Canada’s men’s national soccer team was set to face Trinidad and Tobago in pair of friendlies on March 27 and 31 in an attempt to boost their qualification chances for the 2022 World Cup in Qatar.
Unfortunately, due to the COVID-19 pandemic, those matches, as well as soccer around the globe, have been put on an indefinite hiatus.
Canadian men’s head coach John Herdman says that the most important thing right now is for people inside and outside of the soccer world to pay attention to their health.
"I think everyone’s priority at this stage is fighting the common cause, which is to keep themselves safe and encouraging our players to stay safe,” Herdman told TSN. “I think football around the world has embraced this challenge and from what I can see, the clubs and the game have made some great decisions to help humanity get healthy again.”
One of the obvious tolls the pause in play will take on the players is that they will lose their momentum and game shape. But Herdman believes that the effect that this will have on them mentally is going to be an even bigger factor.
"I think it’s going to be really tough. The programming that they’ve instilled from age 12-13, moving into Academy life, they’ve been used to structure,” said Herdman. “It is quite a robotic existence, treating the body like a piece of machinery. The players, even having a life devoid of pressure is a massive challenge for this group. They are usually thrust into moments of great judgment every weekend, and not having that judgment and the lows that come with that and then being able to adapt to a life where, what are you actually working towards or getting up for? That’s challenging."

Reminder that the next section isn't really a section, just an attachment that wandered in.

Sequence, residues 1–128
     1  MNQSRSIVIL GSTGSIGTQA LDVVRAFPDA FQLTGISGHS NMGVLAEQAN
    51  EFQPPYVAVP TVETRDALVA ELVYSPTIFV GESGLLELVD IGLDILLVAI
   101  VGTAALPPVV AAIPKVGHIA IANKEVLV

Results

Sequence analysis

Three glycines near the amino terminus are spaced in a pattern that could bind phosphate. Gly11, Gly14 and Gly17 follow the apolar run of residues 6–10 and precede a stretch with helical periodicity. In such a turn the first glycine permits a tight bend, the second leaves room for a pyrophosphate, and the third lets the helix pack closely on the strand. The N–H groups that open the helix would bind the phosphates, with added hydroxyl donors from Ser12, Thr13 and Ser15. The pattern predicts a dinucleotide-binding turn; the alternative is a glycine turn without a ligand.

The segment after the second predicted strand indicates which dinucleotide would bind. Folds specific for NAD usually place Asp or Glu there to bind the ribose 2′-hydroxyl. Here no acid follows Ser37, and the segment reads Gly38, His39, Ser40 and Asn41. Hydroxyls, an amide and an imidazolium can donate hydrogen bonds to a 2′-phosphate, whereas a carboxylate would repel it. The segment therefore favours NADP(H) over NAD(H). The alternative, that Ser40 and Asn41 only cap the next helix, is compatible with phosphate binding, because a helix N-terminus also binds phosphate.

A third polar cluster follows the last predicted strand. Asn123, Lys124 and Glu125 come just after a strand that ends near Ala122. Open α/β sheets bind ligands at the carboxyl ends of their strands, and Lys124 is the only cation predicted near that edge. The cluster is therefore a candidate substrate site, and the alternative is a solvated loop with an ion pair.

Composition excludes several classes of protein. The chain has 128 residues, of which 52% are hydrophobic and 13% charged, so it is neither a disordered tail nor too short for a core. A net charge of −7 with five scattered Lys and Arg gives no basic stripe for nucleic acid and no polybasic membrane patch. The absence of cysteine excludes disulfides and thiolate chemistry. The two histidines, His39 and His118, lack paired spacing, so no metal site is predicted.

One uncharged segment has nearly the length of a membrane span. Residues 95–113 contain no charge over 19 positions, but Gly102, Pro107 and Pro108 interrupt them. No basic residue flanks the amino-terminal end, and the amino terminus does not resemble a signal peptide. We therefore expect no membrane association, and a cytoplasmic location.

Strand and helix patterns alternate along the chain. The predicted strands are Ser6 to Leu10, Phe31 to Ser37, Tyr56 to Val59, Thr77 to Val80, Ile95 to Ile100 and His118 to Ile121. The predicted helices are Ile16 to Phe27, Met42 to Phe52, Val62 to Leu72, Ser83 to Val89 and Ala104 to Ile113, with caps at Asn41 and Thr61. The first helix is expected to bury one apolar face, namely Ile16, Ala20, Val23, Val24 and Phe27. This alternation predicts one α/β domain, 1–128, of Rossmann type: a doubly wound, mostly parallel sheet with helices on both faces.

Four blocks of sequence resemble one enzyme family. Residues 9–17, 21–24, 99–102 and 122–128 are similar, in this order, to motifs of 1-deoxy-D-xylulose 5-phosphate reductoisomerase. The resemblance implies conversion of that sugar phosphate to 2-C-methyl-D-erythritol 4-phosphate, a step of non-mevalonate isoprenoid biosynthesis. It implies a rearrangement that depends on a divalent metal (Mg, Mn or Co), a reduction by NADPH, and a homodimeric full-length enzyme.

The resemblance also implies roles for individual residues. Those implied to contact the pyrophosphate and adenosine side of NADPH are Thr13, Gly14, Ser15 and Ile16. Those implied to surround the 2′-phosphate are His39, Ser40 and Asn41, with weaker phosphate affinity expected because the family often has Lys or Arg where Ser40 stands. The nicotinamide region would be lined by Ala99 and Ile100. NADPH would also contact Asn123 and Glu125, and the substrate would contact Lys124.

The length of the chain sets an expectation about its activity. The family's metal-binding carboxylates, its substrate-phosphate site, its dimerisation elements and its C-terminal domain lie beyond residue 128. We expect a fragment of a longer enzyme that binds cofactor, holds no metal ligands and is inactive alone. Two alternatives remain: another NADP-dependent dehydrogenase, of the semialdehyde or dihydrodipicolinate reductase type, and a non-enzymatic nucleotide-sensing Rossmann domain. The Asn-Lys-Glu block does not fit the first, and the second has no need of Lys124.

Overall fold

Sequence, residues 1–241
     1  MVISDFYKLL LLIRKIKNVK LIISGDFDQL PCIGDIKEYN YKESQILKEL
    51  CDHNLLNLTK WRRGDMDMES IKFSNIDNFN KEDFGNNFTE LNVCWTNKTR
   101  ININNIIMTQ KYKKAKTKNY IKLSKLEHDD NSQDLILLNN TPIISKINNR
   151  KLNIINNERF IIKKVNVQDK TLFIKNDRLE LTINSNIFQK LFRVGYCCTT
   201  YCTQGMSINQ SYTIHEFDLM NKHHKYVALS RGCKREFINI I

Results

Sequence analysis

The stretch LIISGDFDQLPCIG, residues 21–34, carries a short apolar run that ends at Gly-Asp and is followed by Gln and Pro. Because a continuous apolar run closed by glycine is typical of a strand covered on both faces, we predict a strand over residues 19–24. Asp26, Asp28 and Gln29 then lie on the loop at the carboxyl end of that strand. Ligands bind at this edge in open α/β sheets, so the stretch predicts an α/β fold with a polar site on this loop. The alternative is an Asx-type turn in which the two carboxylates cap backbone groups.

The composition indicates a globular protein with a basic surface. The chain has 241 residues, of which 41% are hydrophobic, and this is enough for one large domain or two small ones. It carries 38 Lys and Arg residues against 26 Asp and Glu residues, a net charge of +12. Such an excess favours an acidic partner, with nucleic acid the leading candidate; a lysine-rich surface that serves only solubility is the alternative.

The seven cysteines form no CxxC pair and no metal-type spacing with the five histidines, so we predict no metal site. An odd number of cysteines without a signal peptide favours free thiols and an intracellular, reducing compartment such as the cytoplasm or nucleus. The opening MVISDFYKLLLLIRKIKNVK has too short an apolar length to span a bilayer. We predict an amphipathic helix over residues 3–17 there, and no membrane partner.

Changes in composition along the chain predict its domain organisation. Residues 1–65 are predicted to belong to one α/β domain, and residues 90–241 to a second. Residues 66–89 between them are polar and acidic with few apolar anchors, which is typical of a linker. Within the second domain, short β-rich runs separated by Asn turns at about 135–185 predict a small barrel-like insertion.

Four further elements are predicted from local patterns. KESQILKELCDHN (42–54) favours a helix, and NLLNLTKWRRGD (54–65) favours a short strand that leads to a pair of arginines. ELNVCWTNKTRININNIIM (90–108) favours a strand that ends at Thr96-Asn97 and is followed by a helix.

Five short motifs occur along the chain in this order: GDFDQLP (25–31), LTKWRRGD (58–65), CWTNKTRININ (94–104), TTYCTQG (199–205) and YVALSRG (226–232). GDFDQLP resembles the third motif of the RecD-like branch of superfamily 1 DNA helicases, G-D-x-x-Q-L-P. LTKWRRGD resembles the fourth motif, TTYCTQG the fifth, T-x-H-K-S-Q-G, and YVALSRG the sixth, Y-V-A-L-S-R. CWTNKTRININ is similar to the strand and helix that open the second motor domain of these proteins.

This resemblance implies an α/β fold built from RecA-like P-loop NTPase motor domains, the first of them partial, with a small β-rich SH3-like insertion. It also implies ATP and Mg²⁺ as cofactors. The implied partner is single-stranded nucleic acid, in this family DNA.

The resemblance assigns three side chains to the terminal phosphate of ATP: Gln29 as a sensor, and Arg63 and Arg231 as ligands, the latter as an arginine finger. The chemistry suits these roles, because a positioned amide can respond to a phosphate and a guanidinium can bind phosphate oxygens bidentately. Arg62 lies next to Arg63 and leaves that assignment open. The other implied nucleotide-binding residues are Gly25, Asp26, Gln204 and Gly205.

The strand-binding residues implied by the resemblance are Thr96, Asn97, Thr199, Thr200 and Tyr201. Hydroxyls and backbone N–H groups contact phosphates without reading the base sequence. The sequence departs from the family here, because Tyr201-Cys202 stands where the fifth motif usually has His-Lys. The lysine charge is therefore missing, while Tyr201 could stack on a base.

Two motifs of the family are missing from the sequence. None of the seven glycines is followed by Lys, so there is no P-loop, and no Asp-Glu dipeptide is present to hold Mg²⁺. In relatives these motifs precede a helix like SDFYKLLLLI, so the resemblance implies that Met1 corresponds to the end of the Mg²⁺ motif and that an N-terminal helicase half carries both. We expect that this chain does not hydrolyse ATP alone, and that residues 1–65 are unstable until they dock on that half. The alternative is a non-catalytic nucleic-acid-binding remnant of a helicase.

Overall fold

The complications caused by this layoff and eventual return to play is something that Herdman says will be felt worldwide at both the club and national level. In his opinion, considering the unknowns, the best thing he and his staff can do is be prepared for all possibilities.
"You’ll have on one end of the spectrum, [Liverpool manager] Jurgen Klopp wondering how he’s going to pick up a Premier League trophy, to Canada Soccer wondering how this World Cup qualification is going to pan out,” said Herdman. “I think the reality for us is that we have time to think and be ready and I think that’s the critical word, whatever comes, we need to be ready for.
"The only thing we can really control at this stage is the potential of a 7-35 pathway, an extension of FIFA windows that allows us to have these additional games to accumulate FIFA ranking points, or to be ready for a new qualification pathway that CONCACAF has to put in place because of the adaptations they’ll need to make based on this new reality.”